Opening up WA's frontier basins

NEW data released by Geoscience Australia has shone a light on new petroleum frontiers off Western Australia and opened up the possibility of new oil and gas discoveries to supply Australia's future energy needs.
Opening up WA's frontier basins Opening up WA's frontier basins Opening up WA's frontier basins Opening up WA's frontier basins Opening up WA's frontier basins

The new seismic reflection was obtained in underexplored and unexplored areas offshore, extending from the southern tip of Western Australia at Cape Leeuwin to as far north as Exmouth.

The survey acquired about 7300 kilometres of seismic reflection data from the Mentelle Basin off Bunbury, the Zeewyck and Houtman sub-basins within the Perth Basin, the Carnarvon Basin and the Wallaby Plateau.

In addition, more than 11,700km of existing seismic data was also reprocessed to enhance understanding of the region's geology.

Federal Resources and Energy Minister Martin Ferguson said the release of pre-competitive seismic data and seafloor mapping studies of frontier areas off WA - including some of the extended continental shelf acquired in 2008 - would inform the petroleum acreage release process for 2010 and future years, and result in new exploration in frontier areas.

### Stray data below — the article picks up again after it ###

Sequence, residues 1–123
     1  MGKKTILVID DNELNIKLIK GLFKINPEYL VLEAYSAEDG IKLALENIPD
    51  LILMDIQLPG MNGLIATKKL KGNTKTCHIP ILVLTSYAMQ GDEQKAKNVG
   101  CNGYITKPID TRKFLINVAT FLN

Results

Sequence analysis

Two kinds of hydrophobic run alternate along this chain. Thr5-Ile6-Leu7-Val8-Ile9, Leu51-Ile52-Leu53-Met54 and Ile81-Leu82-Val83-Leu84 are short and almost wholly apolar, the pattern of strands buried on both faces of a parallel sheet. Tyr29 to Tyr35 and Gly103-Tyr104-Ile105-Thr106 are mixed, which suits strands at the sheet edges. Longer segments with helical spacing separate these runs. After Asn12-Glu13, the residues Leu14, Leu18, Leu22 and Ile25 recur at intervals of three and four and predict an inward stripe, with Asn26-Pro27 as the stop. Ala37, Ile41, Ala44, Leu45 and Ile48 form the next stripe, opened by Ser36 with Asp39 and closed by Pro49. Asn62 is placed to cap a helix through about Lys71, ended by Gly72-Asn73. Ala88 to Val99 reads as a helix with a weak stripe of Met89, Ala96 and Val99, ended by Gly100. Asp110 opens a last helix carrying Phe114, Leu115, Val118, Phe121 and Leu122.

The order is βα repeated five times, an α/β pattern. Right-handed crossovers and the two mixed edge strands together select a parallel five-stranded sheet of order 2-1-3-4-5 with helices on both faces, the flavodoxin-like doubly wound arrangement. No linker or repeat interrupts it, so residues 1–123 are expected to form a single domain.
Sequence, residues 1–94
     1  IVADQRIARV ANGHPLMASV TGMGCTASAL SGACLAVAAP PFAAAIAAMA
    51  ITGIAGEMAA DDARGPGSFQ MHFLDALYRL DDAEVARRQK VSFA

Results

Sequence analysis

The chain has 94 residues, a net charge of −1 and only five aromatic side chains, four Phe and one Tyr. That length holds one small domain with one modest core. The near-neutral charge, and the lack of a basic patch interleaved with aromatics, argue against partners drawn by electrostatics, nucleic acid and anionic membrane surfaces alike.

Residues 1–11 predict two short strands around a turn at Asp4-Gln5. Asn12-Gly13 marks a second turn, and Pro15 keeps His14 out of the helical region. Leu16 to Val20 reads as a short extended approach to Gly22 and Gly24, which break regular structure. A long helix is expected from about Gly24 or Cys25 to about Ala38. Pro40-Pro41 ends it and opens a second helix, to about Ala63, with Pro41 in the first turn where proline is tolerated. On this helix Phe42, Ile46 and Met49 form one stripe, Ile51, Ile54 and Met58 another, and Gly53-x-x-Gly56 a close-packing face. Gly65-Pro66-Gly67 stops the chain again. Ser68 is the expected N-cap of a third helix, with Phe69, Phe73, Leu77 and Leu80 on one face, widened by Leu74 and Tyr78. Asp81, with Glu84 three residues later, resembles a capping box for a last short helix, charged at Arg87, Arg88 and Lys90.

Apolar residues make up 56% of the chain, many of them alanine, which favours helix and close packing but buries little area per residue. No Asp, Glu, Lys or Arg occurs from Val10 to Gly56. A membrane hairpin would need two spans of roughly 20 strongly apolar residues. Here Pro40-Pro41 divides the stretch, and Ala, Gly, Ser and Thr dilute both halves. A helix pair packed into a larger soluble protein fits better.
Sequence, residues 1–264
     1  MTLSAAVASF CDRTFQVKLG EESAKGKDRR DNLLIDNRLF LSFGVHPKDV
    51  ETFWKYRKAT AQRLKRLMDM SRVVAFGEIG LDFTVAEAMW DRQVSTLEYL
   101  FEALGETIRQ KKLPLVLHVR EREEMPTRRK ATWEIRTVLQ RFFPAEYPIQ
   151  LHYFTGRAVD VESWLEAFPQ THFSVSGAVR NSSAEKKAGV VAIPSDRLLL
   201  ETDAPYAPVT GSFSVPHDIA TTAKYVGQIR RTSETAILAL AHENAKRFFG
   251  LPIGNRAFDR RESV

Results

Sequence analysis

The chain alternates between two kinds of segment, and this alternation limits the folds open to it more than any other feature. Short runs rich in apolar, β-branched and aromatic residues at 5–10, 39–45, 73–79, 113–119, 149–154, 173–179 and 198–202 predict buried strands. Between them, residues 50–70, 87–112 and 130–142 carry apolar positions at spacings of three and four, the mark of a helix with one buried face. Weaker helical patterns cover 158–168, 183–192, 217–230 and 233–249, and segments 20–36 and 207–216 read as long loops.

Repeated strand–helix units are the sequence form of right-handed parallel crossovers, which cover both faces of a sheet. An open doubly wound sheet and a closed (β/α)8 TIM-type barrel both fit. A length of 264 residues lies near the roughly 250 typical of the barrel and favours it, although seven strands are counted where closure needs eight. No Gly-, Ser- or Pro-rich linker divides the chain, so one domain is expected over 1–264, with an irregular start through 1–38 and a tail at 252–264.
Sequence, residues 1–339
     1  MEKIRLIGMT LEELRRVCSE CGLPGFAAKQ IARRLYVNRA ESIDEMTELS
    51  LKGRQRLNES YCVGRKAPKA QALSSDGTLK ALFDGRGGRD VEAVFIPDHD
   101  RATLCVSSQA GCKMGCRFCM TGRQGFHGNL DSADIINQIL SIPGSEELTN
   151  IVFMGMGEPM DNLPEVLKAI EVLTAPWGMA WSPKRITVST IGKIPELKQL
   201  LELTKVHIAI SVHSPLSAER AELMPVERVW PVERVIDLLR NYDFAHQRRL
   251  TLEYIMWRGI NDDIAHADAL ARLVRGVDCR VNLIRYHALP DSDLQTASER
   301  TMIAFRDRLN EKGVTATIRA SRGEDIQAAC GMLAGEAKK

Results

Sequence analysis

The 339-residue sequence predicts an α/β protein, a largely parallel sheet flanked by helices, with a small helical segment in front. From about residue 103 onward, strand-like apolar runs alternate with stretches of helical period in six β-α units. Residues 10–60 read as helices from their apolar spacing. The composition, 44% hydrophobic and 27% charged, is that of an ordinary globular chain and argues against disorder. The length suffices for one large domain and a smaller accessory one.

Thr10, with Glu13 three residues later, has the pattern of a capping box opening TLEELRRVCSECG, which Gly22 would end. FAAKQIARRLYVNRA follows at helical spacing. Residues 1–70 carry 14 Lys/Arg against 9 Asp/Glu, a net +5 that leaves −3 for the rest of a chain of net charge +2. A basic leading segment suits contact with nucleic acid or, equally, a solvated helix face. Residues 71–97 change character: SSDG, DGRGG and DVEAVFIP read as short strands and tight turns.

The minister said that while Australia was one of only three net energy-exporting nations in the Organisation for Economic Cooperation and Development it had a $16 billion trade deficit in crude oil, refined products and LPG.

He also said that Australia's oil production comes from just seven major fields and between 2000 and 2009, the country's oil and condensate production dropped by more than 40%.

"While we are a country rich in coal, gas and uranium resources, our energy security will be greatly enhanced if we are successful in opening up new oil frontiers and can reduce our dependence on imports," he said.

"Western Australian would benefit from more domestic gas supply and competition, and if we can discover gas closer to demand centres in the southwest, it could be less expensive to produce and get to market and that will be good for households and good for value-adding industry development."

A 1996-97 geoscience study carried out by Geoscience Australia in the Browse Basin resulted in Inpex taking up exploration acreage in 2008 and discovering the Ichthys gas-condensate field, the largest liquids discovery since the 1960s.

The offshore frontier survey was the last data acquisition under the Offshore Energy Security program and the New Petroleum program.

Geoscience Australia will now focus on reprocessing the data it has collected to strategically target future work programs to enhance Australia's long-term energy security.